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  • Objects and materials that can be measured in nanometers are extremely tiny. When compared to other scales of measurement, a nanometer is one billionth of a meter. Things this tiny cannot be seen with the human eye. Advanced microscopes allow scientists to observe and even manipulate objects at the nanoscale. 


    Unlike optical microscopes that use visible light to illuminate magnified objects, electron microscopes use electrons so they can magnify nanoparticles. Scanning Electron Microscopes (SEM) and Scanning Probe Microscopes (SPM) use an electron beam or tips to send scanned information to computers that produce images of nanoscale objects.


    The images in the Yuck Factor category include objects that might make us squirm or look away or just say “Yuck!” In reality, they are very close-up photographs of things we might see any day, anywhere. Every year, people who own scanning electron microscopes from microscope maker FEI enter their best microscopic images in the FEI Image Contest. The images in this collection are from that contest.


    About Scale

    Learn how to measure the size of the objects in this collection. Click and drag to move the image in order to see the very bottom—or download the image—and note the scale bar. This bar will be different for every image. The scale is noted most often in micrometers (μm), but sometimes in millimeters (mm) or nanometers (nm). These scale bars are used much like the scale bars on maps—where one inch might equal 100 miles, for example. Use a piece of paper, a ruler, or other measuring device to determine the size of the object according to the scale on the image. Note that the scale might be indicated in millimeters, micrometers, or nanometers. Then list the images on paper, or place downloaded images in order, according to size—from largest to smallest.


    About Electron Microscope Images

    All images taken with electron microscopes are black and white because of the absence of light in the process. Color is added in post-processing phases.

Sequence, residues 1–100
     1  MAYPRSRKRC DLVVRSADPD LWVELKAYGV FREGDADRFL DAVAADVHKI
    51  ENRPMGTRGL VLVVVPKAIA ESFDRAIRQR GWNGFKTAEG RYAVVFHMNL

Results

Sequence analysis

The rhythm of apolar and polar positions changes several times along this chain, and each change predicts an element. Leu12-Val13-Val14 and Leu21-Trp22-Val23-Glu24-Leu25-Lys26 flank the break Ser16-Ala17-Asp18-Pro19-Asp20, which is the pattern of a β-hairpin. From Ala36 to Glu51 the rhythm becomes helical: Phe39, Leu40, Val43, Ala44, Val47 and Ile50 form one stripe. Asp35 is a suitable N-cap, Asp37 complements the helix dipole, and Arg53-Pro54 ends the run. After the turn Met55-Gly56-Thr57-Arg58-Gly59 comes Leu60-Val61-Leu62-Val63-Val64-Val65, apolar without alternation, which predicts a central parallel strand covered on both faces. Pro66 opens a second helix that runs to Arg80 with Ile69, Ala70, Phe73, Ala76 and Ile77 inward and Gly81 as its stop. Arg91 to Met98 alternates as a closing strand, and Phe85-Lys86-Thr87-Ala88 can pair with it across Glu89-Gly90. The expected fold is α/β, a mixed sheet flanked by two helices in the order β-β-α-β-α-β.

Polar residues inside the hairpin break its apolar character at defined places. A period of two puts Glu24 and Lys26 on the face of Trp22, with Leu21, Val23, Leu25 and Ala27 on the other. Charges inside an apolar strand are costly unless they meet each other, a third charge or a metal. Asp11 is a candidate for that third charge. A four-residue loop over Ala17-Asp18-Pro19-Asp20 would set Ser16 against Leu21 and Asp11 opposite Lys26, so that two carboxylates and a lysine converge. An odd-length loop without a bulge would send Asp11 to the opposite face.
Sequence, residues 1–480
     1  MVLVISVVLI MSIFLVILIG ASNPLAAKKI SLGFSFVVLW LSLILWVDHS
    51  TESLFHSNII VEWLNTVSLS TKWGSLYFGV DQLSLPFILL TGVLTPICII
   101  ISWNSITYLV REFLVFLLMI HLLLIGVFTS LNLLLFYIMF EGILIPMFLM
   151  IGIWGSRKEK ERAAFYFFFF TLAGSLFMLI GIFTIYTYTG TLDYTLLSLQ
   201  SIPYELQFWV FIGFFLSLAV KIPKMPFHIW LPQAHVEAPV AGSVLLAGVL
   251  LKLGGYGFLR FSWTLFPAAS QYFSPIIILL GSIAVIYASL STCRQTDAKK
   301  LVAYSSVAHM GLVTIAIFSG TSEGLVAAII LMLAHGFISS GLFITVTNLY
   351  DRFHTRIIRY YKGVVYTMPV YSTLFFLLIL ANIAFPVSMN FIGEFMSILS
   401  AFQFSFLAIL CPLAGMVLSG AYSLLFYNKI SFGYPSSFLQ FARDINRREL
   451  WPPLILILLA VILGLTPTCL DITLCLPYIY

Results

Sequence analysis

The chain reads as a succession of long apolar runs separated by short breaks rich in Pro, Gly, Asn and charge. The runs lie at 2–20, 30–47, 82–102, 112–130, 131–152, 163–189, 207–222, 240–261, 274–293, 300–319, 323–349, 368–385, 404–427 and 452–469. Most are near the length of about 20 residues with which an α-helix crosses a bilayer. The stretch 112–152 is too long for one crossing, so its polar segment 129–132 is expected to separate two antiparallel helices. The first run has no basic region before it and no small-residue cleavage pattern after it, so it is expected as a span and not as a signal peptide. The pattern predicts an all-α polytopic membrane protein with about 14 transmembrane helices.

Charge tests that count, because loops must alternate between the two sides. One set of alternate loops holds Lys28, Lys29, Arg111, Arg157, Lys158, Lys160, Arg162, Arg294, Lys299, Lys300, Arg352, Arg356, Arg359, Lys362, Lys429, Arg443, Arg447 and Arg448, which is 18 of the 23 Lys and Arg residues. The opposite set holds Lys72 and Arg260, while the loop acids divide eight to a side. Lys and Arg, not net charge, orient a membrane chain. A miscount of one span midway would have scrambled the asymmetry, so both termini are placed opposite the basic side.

When enlarging or cropping images with scale bars, such as the microscopic images in this collection, be sure to maintain the original aspect ratio of the image—ensuring that everything in the image is reduced or enlarged proportionally.

    • Bright red sunsets are caused by nanoparticles in the atmosphere, much of which come from volcanic eruptions.
    • The word nanotechnology comes from the Greek word nanos (dwarf) and describes the work that scientists and engineers undertake to manipulate these minute objects to make useful products.
    • Nanoscale materials have been used for over a millennium. For example, nanoscale gold was used in stained glass in medieval Europe and nanotubes were found in blades of swords made of Damascus steel. However, ten centuries passed before high-powered microscopes were invented, allowing us to see things at the nanoscale and begin working with materials at the nanoscale.
    • Nanotechnology is used in many commercial products and processes; for example, nanomaterials are used to manufacture lightweight, strong materials for applications such as boat hulls, sporting equipment, and automotive parts. Nanomaterials are also used in sunscreens and cosmetics.
  • Term Part of Speech Definition Encyclopedic Entry
    agroforestry Noun

    system of land management combining the cultivation of both crops and trees.

    centimeter Noun

    metric unit of measurement, equal to about .34 inch.

    micrometer Noun

    a unit of length equal to one millionth of a meter—also called micron.

    millimeter Noun

    a unit of length equal to 11000 meter.

    nanometer Noun

    (nm) billionth of a meter.

    nanoscale Noun

    length scale whose relevant unit of measurement is the nanometer (nm), or a billionth of a meter. Also called the nanoscopic scale.

    scale Noun

    distinctive relative size, extent, or degree.

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National Science Foundation Mysteries of the Unseen World

This material is based in part upon work supported by the National Science Foundation under Grant No. DRL-0840250. Any opinions, findings, and conclusions or recommendations expressed in this material are those of the author and do not necessarily reflect the views of the National Science Foundation.